REWrite - The Restaurant Equipment World Blog

The Perfect French Fries- Finding the Balance

July 22nd, 2011 by REW Blog Team

Not sure if that’s your restaurant…or some other guy who has the same fries.

Everybody’s got their own idea about who makes the perfect french fry, and they often subscribe to one large chain or another when arguing about it. If you run into anybody who doesn’t have an opinion about how they prefer their fried potato slices, start running the other way. They are not human.

Fries are a staple for many restaurants, and you currently have them on your menu, it may be a good idea to try to encroach on the mega-chains ground when your customers start arguing with their friends about the subtleties of sea salt and crispiness. Maybe you already make world-renowned fries, and if that’s the case, feel free to stop reading. However, if you are just slicing up potatoes, throwing ’em in the frier, and tossing salt on them, or if you are buying frozen bags of them from a supplier, we think there are better options.

First of all, if you get frozen fries from a supplier, you are on the right track. As we tweeted earlier, this guy knows the secret of the perfect fry – the freezer. Breaking down the internal structure of the fry reduces the starchiness and creates a soft-n’-steamy interior for your customer’s enjoyment. However, getting those supplier fries means that customer’s may have had your fries a thousand times before at any number of surrounding restaurants. The more original, delicious cuisine you have, the more chance that a customer will remember you next time for dinner. You’re goal is this: the next time an argument about fries comes up (as they often do), you want your customer to be an ambassador for your establishment.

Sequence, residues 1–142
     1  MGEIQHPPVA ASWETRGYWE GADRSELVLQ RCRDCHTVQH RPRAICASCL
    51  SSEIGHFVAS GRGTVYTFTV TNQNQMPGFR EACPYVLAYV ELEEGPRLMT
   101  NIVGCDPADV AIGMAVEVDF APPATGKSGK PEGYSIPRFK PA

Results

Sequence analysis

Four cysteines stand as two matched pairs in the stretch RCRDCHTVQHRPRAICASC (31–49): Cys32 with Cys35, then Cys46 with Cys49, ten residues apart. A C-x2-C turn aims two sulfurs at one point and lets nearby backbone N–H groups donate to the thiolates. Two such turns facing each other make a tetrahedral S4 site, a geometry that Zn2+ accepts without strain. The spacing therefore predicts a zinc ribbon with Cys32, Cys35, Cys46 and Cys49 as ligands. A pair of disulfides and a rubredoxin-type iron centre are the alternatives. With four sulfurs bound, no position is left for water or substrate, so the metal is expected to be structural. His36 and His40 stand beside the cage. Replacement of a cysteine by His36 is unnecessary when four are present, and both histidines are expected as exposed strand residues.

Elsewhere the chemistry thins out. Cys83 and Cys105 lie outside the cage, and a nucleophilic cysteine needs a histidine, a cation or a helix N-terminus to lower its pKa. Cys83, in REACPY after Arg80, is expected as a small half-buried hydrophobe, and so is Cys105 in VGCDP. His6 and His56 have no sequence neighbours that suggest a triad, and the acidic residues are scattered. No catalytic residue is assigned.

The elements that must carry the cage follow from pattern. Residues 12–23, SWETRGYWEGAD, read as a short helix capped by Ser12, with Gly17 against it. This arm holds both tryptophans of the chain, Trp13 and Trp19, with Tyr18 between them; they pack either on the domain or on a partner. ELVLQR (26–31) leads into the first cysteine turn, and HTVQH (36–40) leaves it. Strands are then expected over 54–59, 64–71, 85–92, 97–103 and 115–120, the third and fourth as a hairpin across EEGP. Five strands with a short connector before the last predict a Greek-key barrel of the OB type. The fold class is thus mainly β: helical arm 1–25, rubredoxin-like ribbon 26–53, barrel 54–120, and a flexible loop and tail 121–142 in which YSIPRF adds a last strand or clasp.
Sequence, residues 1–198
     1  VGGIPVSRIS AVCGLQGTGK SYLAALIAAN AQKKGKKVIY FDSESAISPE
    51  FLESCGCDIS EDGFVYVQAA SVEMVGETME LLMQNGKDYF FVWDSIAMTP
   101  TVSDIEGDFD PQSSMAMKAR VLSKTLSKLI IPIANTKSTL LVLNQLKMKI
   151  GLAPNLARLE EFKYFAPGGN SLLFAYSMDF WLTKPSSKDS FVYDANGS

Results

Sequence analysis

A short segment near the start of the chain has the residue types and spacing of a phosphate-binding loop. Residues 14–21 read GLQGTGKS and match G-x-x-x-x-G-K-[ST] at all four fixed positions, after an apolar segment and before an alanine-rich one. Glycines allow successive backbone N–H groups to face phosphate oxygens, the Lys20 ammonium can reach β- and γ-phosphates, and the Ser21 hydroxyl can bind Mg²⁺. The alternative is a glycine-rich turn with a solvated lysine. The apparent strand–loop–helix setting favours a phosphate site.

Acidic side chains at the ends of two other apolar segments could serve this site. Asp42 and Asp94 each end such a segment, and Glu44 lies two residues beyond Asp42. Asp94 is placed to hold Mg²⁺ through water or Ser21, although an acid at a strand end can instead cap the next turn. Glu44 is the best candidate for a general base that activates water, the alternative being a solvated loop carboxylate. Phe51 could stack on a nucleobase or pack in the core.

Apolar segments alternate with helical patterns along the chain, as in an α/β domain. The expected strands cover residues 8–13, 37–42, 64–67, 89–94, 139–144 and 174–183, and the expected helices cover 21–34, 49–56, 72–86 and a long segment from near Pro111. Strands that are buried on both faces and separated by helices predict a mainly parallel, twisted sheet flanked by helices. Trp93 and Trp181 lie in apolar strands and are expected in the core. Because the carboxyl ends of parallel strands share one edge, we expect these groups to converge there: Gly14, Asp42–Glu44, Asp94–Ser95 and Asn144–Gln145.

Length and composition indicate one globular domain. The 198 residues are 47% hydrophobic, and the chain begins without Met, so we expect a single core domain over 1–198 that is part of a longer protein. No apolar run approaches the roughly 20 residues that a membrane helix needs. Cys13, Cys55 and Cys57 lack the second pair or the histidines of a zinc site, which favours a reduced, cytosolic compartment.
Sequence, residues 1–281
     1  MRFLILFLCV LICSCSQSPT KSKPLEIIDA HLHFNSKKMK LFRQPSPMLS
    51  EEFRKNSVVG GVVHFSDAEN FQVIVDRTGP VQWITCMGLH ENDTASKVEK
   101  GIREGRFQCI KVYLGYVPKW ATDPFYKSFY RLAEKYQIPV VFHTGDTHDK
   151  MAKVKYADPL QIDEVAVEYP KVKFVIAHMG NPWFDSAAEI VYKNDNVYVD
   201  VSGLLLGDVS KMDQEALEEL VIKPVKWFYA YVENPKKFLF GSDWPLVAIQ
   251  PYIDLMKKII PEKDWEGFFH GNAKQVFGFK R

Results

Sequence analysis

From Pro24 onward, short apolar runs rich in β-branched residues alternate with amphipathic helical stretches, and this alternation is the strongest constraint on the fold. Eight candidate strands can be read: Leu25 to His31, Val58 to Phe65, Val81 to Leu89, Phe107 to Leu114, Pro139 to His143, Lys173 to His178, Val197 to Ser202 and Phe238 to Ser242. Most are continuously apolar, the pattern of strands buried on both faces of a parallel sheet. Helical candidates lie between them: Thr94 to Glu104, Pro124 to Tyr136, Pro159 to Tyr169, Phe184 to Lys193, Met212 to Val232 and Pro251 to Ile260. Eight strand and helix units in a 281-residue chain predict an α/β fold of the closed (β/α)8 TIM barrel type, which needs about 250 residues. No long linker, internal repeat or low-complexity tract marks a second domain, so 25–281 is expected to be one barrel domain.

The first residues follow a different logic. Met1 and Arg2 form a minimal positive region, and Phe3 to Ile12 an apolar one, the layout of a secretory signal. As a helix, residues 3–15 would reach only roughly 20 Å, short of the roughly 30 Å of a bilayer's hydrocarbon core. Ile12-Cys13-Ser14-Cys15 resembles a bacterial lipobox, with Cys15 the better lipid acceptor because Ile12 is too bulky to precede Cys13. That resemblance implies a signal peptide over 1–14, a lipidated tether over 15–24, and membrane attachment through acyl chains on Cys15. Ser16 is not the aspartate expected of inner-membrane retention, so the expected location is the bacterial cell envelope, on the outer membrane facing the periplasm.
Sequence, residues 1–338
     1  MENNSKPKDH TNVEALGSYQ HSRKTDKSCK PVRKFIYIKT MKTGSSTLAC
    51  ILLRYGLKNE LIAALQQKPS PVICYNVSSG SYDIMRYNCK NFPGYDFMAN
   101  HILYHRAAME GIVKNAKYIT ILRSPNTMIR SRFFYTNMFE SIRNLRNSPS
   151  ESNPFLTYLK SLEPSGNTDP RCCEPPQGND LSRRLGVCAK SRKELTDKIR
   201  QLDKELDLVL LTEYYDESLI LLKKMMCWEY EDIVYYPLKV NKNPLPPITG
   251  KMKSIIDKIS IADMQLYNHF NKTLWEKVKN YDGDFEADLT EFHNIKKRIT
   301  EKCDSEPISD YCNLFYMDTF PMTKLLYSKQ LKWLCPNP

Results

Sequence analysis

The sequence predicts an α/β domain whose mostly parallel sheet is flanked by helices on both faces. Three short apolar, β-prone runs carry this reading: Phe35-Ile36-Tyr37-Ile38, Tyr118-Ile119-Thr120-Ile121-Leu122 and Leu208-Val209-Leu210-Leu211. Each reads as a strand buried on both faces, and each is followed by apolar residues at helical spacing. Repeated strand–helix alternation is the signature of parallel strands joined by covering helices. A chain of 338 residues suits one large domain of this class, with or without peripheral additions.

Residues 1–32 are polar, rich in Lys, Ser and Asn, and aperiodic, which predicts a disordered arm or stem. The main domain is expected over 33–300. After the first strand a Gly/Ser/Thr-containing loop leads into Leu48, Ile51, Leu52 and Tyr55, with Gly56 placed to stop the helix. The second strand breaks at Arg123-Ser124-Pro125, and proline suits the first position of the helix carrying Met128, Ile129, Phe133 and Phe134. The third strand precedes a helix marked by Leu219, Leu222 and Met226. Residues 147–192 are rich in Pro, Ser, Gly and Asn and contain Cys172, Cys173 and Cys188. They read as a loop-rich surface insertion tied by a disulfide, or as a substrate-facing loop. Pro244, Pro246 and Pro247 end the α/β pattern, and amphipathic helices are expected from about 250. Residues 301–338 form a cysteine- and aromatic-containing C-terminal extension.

While there are many recipes online that inform you of the perfect fry, you’ll really have to experiment on your own to find some that compliment your existing menu and speak to your customer’s palate. Don’t be too shy, either. While steak with steak fries may be a perennial favorite, you could always try heavily salted string fries instead, or as an addition to your existing menu. You may be surprised at the number of customers who prefer one over the other, and in addition, you can bet there will be a conversation about it at the table if both are ordered.

However, the buck doesn’t stop at the size of the fry or amount of salt. Seasonings, such as chili powder or dry ranch, can liven up a menu. If you aren’t sure of which fry your customer’s enjoy the most, offer a fry-trio appetizer for a limited time. Plate three of your favorite variations as a single appetizer, then judge customer reactions and keep track of which variations are left on the plate after the meal. As long as all three are sufficiently tasty (so you don’t get any nasty remarks about the fries that don’t pull their weight), and sufficiently varied (so they don’t confuse which fry is which), this is a great way to give your customer’s the ultimate decision in what lands on your long-term menu.

Don’t let your fries languish to the side; make them just one more reason customer’s want to choose you for lunch or dinner.

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